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I may as well say it right away: “The Cherry Orchard” is one of my favorite plays. I still remember a few scenes from a production I saw as a child. Though the subject matter might have been too complex and subtle for a child to fully grasp, the visuals were stunning. I can still see the actress portraying the lead character, Lyubov Ranyevskaya, moving about the stage in an elegant black velvet dress, her figure crowned by a flaming red hairdo, with branches of cherry blossoms seen in the background through two windows.

Since then, I have seen several other productions but none has stayed with me the way that first one has. Visual aspects of theater often become victims of tight budgets or, occasionally, of too-zealous designers who want to put their original stamp on a production.

Now, the highly respected Classic Theater of San Antonio has mounted a new version of Anton Chekhov’s iconic work and I can’t wait to see it. Directed by Andrew Thornton, the cast includes some outstanding actors, including veteran actress Kathy Couser in the lead role.

Written toward the end of the great Russian dramatist’s life, “The Cherry Orchard” is an elegiac depiction of the disappearing aristocratic world that is being replaced by the new social forces of the late 19th and early 20th centuries. Chekhov reportedly saw his play as a comedy while the legendary Russian director Konstantin Stanislavski, who directed the first production, preferred a more nostalgic, sad interpretation. Though there are moments that can easily elicit laughter – or at least chuckles – the sadness is inherent in the story and the characters.

At the center of the action is the aforementioned Lyubov, a middle-aged noblewoman who returns to her ancestral estate in Russia after living in Paris for years. The estate is bankrupt and scheduled to be auctioned off unless the family comes up with a plan to save it. Former peasant boy turned successful merchant, Lopakhin, is willing to lend the family the money to cover the debt but only if Lyubov will consent to have the land – including her beloved cherry orchard – subdivided into lots to be rented as summer homes for tourists. Horrified, she rejects Lopakhin’s idea. Additional plans are discussed but family members seem incapable of reaching and implementing a practical solution.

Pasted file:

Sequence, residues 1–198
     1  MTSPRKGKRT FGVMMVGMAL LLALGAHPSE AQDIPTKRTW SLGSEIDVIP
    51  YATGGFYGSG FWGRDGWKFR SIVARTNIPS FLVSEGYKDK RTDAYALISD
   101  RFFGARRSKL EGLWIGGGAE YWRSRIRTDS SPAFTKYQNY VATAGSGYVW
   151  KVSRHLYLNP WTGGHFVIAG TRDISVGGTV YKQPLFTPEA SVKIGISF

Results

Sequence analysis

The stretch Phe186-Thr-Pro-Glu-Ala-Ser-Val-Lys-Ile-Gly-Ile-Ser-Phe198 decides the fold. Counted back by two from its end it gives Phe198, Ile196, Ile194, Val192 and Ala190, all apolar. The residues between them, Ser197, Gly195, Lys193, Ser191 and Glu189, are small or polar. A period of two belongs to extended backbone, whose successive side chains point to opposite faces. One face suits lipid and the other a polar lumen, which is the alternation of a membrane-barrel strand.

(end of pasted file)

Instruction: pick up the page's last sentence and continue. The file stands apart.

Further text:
In addition to Lyubov, the Ranyevsky household also includes Lyubov’s daughter Anya, her adopted daughter Varya, her brother Gayev, a governess, staff and servants. Collectively, they create a portrait of a historic change, “painted” with exquisitely nuanced precision.

“The Cherry Orchard” is the final show of the Classic’s 10th anniversary season. It  closes May 27.
(For tickets and times go to www.classictheatre.org)
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Photos (from top): Kathy Couser as Lyubov; the cast of “The Cherry Orchard” ;Kevin Majors, Kathy Couser and Michael Howard